When successful con artist Irvin Rosenfeld (Bale) falls for a charming and seductive English girl (Adams), the good times are seemingly only just beginning. They are a power couple bound by a mutual drive to destroy any semblance of who they once were, identities they see as weak and vulnerable. Money flows, love blossoms and even the presence of Bale’s younger, unstable wife (Jennifer Lawrence) isn’t enough to rock the foundations of their questionable enterprise. The sudden and unexpected presence of power hungry, arrogant and naive FBI agent Richie DiMaso (Cooper) turns their delicate operation upside down and they find themselves in a bind, with cooperation to destroy their criminal peers the only chance at saving themselves. The major bee in DiMaso’s bonnet; corrupt Jersey politican Mayor Carmine Polito (Renner).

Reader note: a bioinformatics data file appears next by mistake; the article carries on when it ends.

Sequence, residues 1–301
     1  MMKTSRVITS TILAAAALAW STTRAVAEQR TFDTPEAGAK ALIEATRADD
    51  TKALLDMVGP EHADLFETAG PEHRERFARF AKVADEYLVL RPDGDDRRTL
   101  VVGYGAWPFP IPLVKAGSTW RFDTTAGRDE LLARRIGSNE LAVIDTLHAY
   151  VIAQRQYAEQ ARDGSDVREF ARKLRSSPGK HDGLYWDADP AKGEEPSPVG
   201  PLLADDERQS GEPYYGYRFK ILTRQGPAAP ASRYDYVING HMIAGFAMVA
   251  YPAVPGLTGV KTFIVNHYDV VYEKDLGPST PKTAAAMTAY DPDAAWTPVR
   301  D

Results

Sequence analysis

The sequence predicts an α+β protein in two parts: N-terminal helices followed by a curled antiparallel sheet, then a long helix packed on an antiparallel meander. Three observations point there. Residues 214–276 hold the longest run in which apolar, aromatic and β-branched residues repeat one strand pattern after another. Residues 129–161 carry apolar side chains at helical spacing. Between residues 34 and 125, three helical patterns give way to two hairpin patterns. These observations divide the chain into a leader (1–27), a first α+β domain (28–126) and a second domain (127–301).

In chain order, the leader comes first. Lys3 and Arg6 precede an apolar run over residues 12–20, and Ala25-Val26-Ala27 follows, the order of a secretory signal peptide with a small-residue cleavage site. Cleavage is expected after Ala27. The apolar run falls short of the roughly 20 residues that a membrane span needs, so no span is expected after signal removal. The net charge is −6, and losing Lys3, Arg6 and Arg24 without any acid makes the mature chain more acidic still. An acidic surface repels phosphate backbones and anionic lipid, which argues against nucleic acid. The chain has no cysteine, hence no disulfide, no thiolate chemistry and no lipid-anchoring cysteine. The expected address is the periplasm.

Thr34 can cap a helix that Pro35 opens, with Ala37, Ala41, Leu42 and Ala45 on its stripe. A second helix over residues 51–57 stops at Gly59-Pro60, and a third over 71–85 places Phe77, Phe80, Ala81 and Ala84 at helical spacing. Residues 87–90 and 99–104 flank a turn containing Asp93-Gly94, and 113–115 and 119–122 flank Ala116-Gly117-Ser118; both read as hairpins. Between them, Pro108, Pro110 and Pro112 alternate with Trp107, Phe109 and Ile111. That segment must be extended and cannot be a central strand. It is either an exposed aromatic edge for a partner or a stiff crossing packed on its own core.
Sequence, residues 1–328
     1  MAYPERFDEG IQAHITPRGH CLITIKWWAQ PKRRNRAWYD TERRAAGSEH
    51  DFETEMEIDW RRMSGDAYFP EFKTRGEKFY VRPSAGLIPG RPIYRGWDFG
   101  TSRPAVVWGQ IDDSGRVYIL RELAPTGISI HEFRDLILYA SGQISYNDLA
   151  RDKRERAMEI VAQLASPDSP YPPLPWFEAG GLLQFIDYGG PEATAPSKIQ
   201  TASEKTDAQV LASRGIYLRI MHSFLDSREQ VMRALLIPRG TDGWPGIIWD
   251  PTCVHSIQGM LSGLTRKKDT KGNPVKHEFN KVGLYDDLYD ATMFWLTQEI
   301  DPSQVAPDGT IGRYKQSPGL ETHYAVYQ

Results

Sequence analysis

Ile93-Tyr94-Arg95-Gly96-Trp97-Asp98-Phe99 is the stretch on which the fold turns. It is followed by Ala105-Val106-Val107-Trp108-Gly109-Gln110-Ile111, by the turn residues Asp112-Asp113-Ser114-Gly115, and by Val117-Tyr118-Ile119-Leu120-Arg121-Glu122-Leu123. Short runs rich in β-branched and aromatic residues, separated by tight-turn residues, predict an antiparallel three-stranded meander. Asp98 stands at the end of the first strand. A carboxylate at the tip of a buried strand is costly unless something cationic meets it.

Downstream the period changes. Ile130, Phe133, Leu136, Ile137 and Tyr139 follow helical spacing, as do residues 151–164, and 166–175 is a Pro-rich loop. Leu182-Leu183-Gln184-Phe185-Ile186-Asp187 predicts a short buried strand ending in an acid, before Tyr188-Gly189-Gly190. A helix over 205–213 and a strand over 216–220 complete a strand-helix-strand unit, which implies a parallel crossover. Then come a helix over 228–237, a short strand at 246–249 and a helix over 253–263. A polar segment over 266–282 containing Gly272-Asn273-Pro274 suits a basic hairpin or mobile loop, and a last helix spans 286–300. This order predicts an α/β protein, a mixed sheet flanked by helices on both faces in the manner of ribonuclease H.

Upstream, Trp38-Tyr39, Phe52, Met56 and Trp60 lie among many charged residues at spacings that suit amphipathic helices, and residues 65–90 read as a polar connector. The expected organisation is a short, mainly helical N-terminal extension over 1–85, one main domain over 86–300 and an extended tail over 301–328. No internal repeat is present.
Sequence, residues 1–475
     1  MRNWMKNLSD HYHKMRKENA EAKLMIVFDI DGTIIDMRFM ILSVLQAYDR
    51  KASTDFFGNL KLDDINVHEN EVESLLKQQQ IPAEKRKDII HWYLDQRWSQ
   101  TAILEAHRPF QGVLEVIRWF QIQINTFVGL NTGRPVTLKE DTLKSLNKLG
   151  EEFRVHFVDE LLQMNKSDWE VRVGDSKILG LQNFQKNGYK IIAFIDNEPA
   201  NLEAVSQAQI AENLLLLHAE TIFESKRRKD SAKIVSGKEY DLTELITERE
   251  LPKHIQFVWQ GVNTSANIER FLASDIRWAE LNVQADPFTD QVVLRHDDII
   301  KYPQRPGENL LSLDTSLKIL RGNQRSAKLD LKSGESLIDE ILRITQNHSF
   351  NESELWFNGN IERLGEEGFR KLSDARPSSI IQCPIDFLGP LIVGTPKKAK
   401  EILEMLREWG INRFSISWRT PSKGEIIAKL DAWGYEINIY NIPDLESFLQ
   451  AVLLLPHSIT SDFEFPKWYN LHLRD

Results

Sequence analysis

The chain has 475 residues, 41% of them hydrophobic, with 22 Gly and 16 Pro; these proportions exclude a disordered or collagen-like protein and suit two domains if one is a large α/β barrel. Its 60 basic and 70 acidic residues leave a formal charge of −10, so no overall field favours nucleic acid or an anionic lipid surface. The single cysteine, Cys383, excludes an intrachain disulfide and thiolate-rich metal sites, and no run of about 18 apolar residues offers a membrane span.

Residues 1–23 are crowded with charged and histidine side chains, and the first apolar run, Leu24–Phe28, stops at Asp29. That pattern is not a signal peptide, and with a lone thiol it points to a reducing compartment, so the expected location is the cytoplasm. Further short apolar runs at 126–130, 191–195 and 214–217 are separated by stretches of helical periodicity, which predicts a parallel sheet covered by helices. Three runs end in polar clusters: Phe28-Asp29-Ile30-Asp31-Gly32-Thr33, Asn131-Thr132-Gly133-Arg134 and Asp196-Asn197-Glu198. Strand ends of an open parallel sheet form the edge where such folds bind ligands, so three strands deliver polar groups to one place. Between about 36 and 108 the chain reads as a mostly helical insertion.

American-Hustle-10So far, so many other con movies. What sets American Hustle apart though is Russell’s reluctance to determine who his protagonists and who his antagonists are until the very end. There are no clear goodies and baddies. Just damaged people trying to do what they know best in order to stop themselves having to think about who they really are. They are all damaged, all flawed and at times good intentions are muddied by poor judgement or questionable morals. But no one is outright….bad. Just….human.